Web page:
As staged, it was a stylized piece of oral storytelling, rather than a fully actualized work of theater. It is difficult to review because of that reason and because it featured non-actors, most of whom had no prior stage experience, yet managed to hold their own. Sure, there were a number of shortcomings. For instance, the choreography of the piece, while much improved since its March incarnation, remained visually cluttered. And the choice of having multiple actors portray the same character confused an already-challenging text. (A simple handout with a synopsis would have helped the audience access the dialect more easily.)
But theatrical polish was not the point of “Daredevils.” Its triumph lay in its very existence – in the very fact that eight young Armenians were passing on an oral history tradition by performing an epic in the dialect of its origin. What the production lacked in nuance, they amply made up in energy and confidence. They were visibly excited by the challenge before them, and their enthusiasm was infectious.
Improvisation: ‘Armenian Improv 2’
Following their immensely successful foray into improvisation a couple of years ago, Vahe Berberian and his cohorts are back for a second iteration that opened on May 15 and runs through June 21 at the Whitefire Theatre.
“Armenian Improv 2” has kept the structure of its original, albeit with enhancements – particularly, the addition of music, thanks to Ara Dabandjian’s on-stage accompaniment. Several of the sketches are familiar. “Languages,” for instance, involves one performer “speaking” a foreign language suggested by the audience – Chinese, German, and Hindi were the opening night selections – while another performer “translates.”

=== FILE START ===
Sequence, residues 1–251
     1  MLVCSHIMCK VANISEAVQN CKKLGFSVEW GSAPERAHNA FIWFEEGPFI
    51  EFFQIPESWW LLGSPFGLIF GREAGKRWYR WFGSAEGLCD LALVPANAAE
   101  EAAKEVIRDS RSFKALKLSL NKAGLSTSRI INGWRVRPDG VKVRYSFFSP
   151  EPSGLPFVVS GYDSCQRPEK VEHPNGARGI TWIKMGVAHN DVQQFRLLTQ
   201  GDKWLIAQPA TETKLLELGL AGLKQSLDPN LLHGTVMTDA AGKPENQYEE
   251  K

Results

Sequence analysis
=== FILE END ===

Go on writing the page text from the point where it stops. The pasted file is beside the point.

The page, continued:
Performing the same scene in different genres was a new type of sketch. It did not fare as well as the troupe’s signature piece: organically building a narrative around a word suggested by the audience by having different performers enter and exit the scene. On opening night, the suggested word, “laundry,” inspired some funny situations and allowed the cast – including its newest member, veteran comedian Harout Soghomonian – to shine.
Other highlights included an Armenian rap, a Bollywood performance, and the reenactment of a scene from a made-up book entitled “The Stupid Sheep’s Crime,” a subversive piece about a disturbing love triangle. The result ended up a cross between Edward Albee’s “The Goat” and Monty Python’s iconic Black Knight sketch (“just a flesh wound”), thanks to capable work by Chris Bedian, Levon Shant Demirjian, and Shahe Mankerian.
Not all the pieces were entirely successful, and the absence of a female cast member was a drawback. (Here’s hoping for Paleny Topjian’s return to the ensemble.) Soghomonian, however, was a fine addition, and the performers were consistently strong, although some of them – Kevo Manoukian and Berberian himself – were underused.
Berberian had ceded directing duties to Melissa Mazman, who was more of an emcee for the proceedings rather than the circus ringleader she will need to become as the run progresses. What’s important is that she had strong grasp of an essential feature of her job – ending each sketch on a high note before it ran out of steam.
The busy month of May culminated with opera. Lark’s ambitious but traditional staging of perhaps the most famous Armenian opera, “Anoush,” had four performances at the Ambassador Auditorium over two weekends. “Anoush” featured world-class opera singers in its leading roles, including Shoushik Barsoumian and Hasmik Papian alternating as its eponymous tragic heroine.
Aram Kouyoumdjian is the winner of Elly Awards for both playwriting (“The Farewells”) and directing (“Three Hotels”). His play “Happy Armenians” is slated for production this fall.